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Royal catches on the queens
  |  First Published: March 2014



March is the month the water starts to cool down, this in turn will start to switch our warm water species off and cold water species on. It can make fishing a little slow at times but it won’t last.

Don’t count out the jacks just yet, they might get a little hard to entice, but when they do, they are normally brutes coming in at around 50cm+. These guys are trophy fish and way too good a sport to take home to eat – make sure you have your camera on board. A couple of quick snaps and swim them on their way. This is one of the most rewarding feelings an angler can experience.

Jacks are taking both hard and soft lures, chunk baits and live. It’s more about where you place your bait or lure and what time you place it than what you offer them. They are a lot fussier about when they eat not what they eat. You may also encounter some awesome by-catch while targeting these guys; mulloway, cod, and queenfish just to name a couple. Stay switched on, never switch off and hold on.

There have been a few nice queenfish through the passage terrorising the baitfish. These guys can be tricky, they are either quite easy to target or extremely hard. If you can find a feeding school of queenies they should be easy enough to entice, but if you’re using bait you may need to be patient and wait. They have been feeding on live gar and herring schools. These guys have been up around 1m, which at this size are a real trophy. Many people travel to the far north for a fish like that and we have them right here in our back yard.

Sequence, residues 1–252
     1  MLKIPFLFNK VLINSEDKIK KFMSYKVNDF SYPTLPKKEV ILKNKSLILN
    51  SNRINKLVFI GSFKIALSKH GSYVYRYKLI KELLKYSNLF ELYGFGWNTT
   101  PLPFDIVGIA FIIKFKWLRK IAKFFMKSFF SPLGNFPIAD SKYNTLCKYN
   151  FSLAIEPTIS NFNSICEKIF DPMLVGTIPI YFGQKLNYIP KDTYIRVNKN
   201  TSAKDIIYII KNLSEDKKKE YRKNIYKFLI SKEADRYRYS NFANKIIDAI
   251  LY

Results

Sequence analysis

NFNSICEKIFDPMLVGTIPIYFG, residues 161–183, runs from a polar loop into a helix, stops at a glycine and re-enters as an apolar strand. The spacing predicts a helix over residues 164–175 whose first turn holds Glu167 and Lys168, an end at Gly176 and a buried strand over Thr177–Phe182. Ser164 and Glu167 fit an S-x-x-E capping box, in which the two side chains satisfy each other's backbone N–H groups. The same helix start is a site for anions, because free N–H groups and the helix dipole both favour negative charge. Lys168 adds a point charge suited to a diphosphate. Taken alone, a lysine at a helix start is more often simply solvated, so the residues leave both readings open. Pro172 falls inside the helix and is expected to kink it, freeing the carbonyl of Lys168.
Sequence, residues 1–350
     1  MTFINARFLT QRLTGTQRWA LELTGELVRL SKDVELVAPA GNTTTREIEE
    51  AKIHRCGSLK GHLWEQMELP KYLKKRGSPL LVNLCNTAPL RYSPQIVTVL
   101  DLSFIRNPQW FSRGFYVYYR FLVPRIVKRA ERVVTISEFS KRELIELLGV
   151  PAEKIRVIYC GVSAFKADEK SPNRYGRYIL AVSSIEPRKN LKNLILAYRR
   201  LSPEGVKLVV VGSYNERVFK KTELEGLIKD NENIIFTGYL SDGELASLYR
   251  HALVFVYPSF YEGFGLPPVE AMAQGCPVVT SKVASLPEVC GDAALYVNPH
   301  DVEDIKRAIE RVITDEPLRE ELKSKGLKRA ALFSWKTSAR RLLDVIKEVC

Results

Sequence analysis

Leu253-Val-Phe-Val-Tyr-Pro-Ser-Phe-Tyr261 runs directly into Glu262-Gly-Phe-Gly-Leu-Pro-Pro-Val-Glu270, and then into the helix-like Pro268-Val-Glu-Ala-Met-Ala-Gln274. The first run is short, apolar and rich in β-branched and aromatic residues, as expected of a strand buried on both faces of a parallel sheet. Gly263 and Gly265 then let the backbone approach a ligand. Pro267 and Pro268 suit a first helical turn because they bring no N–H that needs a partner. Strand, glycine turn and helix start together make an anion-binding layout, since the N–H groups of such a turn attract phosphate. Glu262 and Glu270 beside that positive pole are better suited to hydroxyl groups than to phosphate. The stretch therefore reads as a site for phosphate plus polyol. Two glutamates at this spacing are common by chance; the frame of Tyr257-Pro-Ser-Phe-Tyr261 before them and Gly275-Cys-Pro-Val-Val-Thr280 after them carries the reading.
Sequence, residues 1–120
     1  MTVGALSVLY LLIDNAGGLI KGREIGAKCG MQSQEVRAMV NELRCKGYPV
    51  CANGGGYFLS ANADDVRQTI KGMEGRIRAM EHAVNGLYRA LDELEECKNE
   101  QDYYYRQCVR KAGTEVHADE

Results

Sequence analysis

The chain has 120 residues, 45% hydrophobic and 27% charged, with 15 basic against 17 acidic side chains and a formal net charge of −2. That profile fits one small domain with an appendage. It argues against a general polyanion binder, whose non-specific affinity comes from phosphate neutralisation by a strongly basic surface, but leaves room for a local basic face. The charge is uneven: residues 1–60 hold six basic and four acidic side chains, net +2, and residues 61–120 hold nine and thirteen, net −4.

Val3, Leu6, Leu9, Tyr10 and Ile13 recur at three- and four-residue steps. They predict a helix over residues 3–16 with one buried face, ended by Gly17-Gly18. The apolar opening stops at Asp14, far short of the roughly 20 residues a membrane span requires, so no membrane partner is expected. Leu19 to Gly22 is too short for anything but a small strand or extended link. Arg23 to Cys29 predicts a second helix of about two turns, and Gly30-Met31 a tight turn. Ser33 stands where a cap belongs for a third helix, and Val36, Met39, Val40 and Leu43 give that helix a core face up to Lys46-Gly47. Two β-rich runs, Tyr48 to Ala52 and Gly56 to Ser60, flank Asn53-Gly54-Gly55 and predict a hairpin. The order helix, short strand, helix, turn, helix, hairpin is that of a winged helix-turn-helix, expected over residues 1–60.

The whiting are thick at present with most anglers hitting the middle reaches of the passage up around Hussy and Coochin creeks. The surf beach along Bribie is also a great go-to spot for a lot of anglers craving a feed. The size ranges from just legal upwards to 40cm.

There have been a few mulloway landed from the deeper holes in the creeks and all the way down to the bridge. Plastics have been a favourite for most anglers, but if you can gather up a few yellowtails and hook them on live, you will snag one of some real quality. Whole mullet or squid are also killer bait.

The lizards are still kicking around in good numbers. They have mainly been taken at the creek mouths, Elimbah and Glassy being the best performers of late. If you do hit these creeks your bag limit should not be that hard to catch. Small 3-5” plastics have been out fishing bait 9 times out of 10.

Bream and grunter bream have been a life saver for a lot of anglers with good hauls coming from most of the passage. Word on the street is that the Caboolture River is on fire and a sure bet if you’re wanting to target these guys with ease. Yabbies or fresh mullet fillets are gold; they can’t pass up either of these baits.

The mud crabs have been hit and miss, although when you do get one, they are corkers. The sand crabs are a lot thicker with hauls of a dozen out of 4 pots not uncommon. The size varies a little from location to location. South to the bridge is the go-to spot at present and has been for sometime. Both Dunlops and Gallaghers gutters are yielding a feed as well but the size tends to be a lot smaller.

Dolphins, turtles and manta-rays are thick throughout the passage at the moment, so take it easy out there, enjoy the sights and have fun.

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